GOP activist claims to have letter listing legal issues facing the state Republican Party

(Promoted by Colorado Pols)

Colorado GOP chairman Steve House.

Colorado GOP chairman Steve House.

UPDATE 5 p.m.: Here is the letter referenced below, without any deletions, as provided via the Secretary of State’s Office. It’s from Richard Westfall, not Ryan Call, as alleged below. A couple items of note are 1) a matter under investigation by the Federal Election Commission and 2) a matter involving the notorious Jaxine Bubis, who appears to have turned against the state party.

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Kathryn Porter, who wrote a lengthy Politichicks post yesterday illuminating Republican efforts to protect GOP Chair Steve House, appeared on a Denver radio station this morning claiming that the Colorado Secretary of State’s Office is refusing to release a letter allegedly outlining ten legal issues possibly faced by state party.

Porter told Boyles that the letter was sent to Steve House from Ryan Call, whose law firm, Hale Westfall, had apparently been representing the state Republican Party. When House defeated Call, Call allegedly sent the letter to House, informing him that Hale Westfall would no longer be representing the state party, according to Porter.

For some strange reason, the letter was sent to the Secretary of State’s office, and it was heavily redacted and released, under CORA, to Porter, as she explained it to Boyles below.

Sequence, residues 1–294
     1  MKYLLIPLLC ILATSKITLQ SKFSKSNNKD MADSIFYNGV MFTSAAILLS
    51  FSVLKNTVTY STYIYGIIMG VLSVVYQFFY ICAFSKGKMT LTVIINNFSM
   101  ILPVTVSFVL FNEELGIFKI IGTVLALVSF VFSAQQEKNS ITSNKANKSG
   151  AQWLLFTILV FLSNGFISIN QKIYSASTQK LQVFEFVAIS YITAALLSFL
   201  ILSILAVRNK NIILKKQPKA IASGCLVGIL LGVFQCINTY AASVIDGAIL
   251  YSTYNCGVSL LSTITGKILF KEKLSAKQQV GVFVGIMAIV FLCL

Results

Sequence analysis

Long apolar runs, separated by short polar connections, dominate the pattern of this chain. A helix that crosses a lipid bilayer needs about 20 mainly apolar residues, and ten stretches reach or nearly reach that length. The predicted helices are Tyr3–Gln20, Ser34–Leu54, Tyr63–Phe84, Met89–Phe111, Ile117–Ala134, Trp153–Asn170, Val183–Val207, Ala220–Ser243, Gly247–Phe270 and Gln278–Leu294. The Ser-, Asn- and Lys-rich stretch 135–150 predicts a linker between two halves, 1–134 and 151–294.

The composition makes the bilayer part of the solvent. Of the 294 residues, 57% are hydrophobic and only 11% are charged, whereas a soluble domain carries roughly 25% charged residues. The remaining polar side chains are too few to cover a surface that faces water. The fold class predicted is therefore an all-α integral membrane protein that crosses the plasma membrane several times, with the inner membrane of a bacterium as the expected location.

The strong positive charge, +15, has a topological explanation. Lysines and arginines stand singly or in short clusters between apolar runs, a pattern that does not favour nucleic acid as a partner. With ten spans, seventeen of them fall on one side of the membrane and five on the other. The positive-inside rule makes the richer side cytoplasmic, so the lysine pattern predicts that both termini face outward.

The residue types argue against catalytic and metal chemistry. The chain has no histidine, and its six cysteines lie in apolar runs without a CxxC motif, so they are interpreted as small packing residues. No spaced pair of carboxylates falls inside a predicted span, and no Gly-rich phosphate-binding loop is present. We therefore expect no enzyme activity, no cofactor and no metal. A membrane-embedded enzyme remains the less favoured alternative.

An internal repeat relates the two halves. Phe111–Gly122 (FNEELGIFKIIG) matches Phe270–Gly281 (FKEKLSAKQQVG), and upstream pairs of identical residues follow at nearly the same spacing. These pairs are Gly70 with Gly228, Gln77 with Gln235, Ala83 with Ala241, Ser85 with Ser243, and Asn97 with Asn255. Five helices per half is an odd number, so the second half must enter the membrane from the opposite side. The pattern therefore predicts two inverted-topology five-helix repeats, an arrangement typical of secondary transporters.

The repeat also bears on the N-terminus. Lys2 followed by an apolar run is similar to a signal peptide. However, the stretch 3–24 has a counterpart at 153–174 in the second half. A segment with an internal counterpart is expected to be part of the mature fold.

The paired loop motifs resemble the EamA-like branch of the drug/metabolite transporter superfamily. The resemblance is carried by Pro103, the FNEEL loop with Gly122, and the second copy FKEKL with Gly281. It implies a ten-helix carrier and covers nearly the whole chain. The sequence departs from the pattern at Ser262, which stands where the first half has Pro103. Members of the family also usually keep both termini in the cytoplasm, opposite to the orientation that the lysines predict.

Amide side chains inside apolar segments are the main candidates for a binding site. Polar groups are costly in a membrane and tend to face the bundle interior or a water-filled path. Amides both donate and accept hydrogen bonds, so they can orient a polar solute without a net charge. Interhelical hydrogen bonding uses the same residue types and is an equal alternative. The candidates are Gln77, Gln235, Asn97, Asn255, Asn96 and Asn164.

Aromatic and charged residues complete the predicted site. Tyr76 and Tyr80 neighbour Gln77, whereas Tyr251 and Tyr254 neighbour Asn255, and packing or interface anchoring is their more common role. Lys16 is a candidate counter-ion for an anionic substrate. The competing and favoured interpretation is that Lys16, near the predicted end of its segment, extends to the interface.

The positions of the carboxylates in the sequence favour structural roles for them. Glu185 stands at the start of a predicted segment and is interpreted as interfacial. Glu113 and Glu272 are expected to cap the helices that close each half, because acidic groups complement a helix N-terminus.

Among other things, Porter questions the grounds on which the SOS redacts the alleged letter from Call to House.

Porter (@10:15): I did a CORA with the Secretary of State’s office on Steve House, regarding election issues, and a letter came back. It was a letter from Ryan Call to the Secretary of State’s office. And you know, Ryan Call is our former state chair. It was a letter to Steve, not the Secretary of State, saying that we inform you that we are immediately no longer representing you, basically, is what it says. So it’s a very interesting letter. And, of course, all the contents were redacted. And there were 10 legal issues that Hale Westfall listed that they were representing the state party in or that they were aware of. So I found that very interesting. And what I found even more interesting is that the Secretary of State’s office refuses to give me the unredacted version…We have basically the first two sentences and the closing sentence. And the number of how many things they redacted.

Boyles: They treat this like Watergate or something. Like an atomic secret.

Porter: It raises so many more questions. It makes me wonder, is the Secretary of State hiding something? Or covering something up for the Colorado Republican Party? They claim deliberative process and they claim attorney-client privilege. And we know Hale Westfall was not sending this letter to the Secretary of State’s office. There is no attorney-client privilege between Hale Westfall and the Secretary of State. So the only leg they have to stand on is deliberative process. And in order to not give me that information, they need to show me that irreparable harm would occur if they share that information with me. Is there some type of legal issue involving the Secretary of State’s office and the Colorado Republican Party? This opens up a whole new can of worms, a whole new set of questions.

I have yet to see a copy of this alleged letter, so we need to take this odd allegation with some serious grains of salt. But I’ll stay on this. Maybe The Denver Post’s Lynn Bartels can help us out, when she starts over there.

12 Community Comments, Facebook Comments

  1. Progressicat says:

    Or maybe they just don't release the information because it's privileged under the open records law and the "legal issues" are routine crap like minor violations of the FCPA that go before administrative law judges and carry nuisance fines in the hundreds of bucks.  But, hey, that could be some real serious business in that letter.  What are the Republicans hiding?!?